Help Gidget save the animals and clean up a chemical spill!

Oh no! Gidget’s logic chip was damaged on the way to clean up a chemical spill and save the local animals. Gidget remembers the goals for each of the missions, but needs your help to modify the faulty code to pass the levels. Each level becomes progressively more difficult the closer Gidget gets to the chemical factory, and you will have to combine all the concepts you learn along the way to figure out how to solve all the goals.

Gidget is a game specifically designed to help novices learn computer programming concepts through debugging puzzles. Gidget keeps novices engaged by providing an interesting storyline, personified feedback, and tools to help players help themselves through difficult concepts. Prior to its public release, over 800 online participants played through various versions of the game, and over 60 teenagers played through the game and created their own levels during four summer camps in 2013 and 2014.

The game takes a very dif­fer­ent approach than exist­ing learn­ing tech­nolo­gies for pro­gram­ming. Rather than try­ing to moti­vate kids through cre­ativ­ity (as in Scratch and Alice), pro­vide instruc­tion through tuto­ri­als (like Kahn Acad­emy and Codecad­emy), or inject pro­gram­ming into tra­di­tional game mechan­ics (as in Code­Com­bat or Light­Bot), Gid­get attempts to trans­late pro­gram­ming itself into a game by pro­vid­ing a sequence of puz­zles for learn­ers to solve. The game aims to teach play­ers that com­put­ers are not omni­scient, flaw­less, and intel­li­gent machines, but rather fast, reli­able, and mostly igno­rant machines that can solve problems. The game’s goal is not nec­es­sarily for play­ers to learn to code (though this does hap­pen), but to teach play­ers that pro­gram­mers can inject soft­ware with their own magic.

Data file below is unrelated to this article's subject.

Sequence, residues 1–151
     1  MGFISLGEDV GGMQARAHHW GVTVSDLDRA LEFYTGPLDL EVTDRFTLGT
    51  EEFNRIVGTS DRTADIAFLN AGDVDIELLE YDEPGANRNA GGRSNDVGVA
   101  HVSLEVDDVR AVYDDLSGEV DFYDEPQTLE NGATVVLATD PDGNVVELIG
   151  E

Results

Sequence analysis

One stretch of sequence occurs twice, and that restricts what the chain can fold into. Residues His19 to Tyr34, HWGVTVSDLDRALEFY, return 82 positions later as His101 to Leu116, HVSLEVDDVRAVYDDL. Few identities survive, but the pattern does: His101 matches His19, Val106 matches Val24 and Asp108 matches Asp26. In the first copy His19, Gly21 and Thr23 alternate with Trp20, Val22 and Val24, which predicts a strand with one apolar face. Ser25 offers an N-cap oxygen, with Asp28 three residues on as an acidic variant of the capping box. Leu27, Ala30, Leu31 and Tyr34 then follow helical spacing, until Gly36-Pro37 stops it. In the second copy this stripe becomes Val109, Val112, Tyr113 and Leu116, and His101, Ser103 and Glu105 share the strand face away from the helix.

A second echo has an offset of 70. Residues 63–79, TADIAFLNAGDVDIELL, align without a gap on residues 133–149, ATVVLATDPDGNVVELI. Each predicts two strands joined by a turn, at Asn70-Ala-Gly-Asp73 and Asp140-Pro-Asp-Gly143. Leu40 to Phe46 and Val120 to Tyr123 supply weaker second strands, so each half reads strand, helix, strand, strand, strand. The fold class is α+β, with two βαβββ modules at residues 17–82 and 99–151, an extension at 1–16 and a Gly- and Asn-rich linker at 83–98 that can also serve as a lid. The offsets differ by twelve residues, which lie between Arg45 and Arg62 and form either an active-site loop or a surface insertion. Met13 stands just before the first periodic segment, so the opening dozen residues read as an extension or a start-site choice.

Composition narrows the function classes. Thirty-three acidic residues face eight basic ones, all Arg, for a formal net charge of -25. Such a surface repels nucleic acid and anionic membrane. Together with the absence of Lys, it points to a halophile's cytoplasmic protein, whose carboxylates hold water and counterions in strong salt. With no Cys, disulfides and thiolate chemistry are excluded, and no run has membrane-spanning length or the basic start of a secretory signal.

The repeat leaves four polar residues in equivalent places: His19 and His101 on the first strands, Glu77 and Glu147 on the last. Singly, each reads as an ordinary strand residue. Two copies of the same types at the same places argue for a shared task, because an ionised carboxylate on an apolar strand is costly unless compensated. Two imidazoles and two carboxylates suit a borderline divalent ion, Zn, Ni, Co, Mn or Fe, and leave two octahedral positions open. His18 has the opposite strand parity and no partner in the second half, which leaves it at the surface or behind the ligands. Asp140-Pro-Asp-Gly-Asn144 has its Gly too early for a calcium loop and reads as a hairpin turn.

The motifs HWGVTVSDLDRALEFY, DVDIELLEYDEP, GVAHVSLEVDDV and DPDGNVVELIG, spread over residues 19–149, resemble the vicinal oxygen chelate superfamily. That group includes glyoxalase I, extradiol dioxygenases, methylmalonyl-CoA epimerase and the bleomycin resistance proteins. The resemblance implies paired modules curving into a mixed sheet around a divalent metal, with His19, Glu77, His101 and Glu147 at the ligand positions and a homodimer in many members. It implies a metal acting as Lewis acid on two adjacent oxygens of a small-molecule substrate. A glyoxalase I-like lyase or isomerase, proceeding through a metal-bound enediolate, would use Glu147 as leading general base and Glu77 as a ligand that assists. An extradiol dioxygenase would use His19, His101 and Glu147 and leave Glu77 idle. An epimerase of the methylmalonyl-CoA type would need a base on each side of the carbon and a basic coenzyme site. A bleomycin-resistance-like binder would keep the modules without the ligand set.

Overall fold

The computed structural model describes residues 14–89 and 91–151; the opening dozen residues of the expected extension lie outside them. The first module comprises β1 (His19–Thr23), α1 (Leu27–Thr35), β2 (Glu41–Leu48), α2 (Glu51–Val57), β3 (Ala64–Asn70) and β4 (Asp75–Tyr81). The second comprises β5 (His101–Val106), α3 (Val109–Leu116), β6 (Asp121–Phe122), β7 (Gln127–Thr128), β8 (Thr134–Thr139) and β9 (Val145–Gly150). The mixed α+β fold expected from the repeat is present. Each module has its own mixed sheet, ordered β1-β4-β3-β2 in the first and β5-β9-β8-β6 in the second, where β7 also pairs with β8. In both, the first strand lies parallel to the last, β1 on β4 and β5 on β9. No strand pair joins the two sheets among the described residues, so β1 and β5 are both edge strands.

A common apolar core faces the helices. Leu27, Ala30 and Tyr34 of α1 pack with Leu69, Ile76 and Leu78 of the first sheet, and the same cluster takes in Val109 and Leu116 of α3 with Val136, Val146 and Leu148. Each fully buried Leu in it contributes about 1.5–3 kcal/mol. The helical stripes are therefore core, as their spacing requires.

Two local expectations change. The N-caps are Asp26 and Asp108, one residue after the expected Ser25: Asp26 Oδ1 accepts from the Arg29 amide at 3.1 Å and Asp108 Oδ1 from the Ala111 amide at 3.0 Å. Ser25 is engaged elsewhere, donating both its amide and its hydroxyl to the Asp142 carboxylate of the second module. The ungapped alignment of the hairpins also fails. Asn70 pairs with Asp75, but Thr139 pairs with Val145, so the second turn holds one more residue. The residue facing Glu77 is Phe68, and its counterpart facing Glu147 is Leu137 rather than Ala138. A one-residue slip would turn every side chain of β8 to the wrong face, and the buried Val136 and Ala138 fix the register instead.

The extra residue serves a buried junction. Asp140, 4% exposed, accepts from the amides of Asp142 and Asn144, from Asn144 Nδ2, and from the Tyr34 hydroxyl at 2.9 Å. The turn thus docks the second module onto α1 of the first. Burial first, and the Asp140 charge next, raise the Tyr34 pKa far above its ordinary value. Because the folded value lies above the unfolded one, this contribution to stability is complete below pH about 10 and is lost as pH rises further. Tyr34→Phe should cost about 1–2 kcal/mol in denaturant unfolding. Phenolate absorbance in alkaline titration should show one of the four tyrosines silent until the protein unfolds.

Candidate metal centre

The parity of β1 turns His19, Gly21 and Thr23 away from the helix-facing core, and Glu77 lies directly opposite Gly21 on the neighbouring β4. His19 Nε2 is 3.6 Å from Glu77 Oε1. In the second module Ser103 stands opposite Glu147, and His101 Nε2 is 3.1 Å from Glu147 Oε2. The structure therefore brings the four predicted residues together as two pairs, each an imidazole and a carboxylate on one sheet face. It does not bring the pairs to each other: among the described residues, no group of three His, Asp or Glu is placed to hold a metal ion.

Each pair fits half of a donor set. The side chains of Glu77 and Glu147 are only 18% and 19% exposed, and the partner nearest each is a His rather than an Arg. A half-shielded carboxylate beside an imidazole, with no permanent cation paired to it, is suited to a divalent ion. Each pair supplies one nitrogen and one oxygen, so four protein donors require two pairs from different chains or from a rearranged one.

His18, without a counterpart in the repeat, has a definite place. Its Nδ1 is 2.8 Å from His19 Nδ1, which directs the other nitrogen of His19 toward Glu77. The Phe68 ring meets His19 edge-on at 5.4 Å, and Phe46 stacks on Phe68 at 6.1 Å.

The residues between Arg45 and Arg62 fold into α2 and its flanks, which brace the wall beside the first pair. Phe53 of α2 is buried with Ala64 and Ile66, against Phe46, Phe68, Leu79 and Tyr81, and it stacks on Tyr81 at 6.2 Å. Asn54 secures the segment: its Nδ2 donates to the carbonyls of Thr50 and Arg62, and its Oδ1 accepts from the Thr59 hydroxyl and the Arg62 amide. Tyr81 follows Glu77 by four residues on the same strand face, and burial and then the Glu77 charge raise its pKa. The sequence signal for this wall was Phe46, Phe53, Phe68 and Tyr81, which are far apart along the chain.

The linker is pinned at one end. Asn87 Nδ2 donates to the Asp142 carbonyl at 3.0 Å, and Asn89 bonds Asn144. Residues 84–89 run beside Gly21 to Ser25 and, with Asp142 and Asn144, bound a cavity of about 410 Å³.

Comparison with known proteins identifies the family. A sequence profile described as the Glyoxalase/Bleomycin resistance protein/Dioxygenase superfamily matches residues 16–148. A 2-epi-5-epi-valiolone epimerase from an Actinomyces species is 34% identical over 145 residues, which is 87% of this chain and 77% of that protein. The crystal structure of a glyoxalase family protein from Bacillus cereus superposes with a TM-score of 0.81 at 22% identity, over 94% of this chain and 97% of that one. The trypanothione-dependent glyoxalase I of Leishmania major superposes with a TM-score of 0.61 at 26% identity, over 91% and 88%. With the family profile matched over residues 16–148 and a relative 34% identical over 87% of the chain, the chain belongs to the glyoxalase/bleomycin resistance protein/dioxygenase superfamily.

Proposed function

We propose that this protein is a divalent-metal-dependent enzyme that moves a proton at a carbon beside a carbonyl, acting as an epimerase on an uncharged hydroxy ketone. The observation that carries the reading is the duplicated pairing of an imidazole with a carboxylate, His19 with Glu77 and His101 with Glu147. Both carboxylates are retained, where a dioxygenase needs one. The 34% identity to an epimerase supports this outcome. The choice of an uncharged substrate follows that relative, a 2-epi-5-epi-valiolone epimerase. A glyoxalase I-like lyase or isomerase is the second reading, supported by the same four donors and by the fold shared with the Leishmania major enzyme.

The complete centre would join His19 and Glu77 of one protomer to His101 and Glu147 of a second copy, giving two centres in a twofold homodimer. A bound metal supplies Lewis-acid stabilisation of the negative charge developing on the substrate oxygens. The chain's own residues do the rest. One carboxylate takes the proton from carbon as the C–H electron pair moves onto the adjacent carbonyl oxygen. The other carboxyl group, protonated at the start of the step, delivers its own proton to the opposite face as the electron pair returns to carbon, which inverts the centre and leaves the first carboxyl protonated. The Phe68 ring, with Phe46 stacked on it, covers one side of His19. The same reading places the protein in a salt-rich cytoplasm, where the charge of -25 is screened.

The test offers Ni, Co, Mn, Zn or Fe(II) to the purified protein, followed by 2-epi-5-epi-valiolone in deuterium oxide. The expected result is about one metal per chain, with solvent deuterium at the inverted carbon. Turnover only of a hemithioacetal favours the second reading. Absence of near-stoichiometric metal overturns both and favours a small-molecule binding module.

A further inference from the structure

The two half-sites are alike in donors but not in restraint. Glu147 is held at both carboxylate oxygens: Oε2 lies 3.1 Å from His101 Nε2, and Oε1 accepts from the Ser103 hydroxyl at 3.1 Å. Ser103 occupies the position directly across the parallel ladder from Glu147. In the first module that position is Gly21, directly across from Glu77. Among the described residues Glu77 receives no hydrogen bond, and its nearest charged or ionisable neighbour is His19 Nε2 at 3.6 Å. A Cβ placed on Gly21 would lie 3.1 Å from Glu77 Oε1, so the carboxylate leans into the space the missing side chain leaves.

Gidget is the dissertation work of Michael J. Lee, a PhD candidate in the Information School at the University of Washington. This project is generously funded through the National Science Foundation, Microsoft, and Google, and is a collaborative project between the University of Washington and Oregon State University. 

Everyone can now help Gidget debug faulty code to solve puzzles at  

Contact: Michael J. Lee,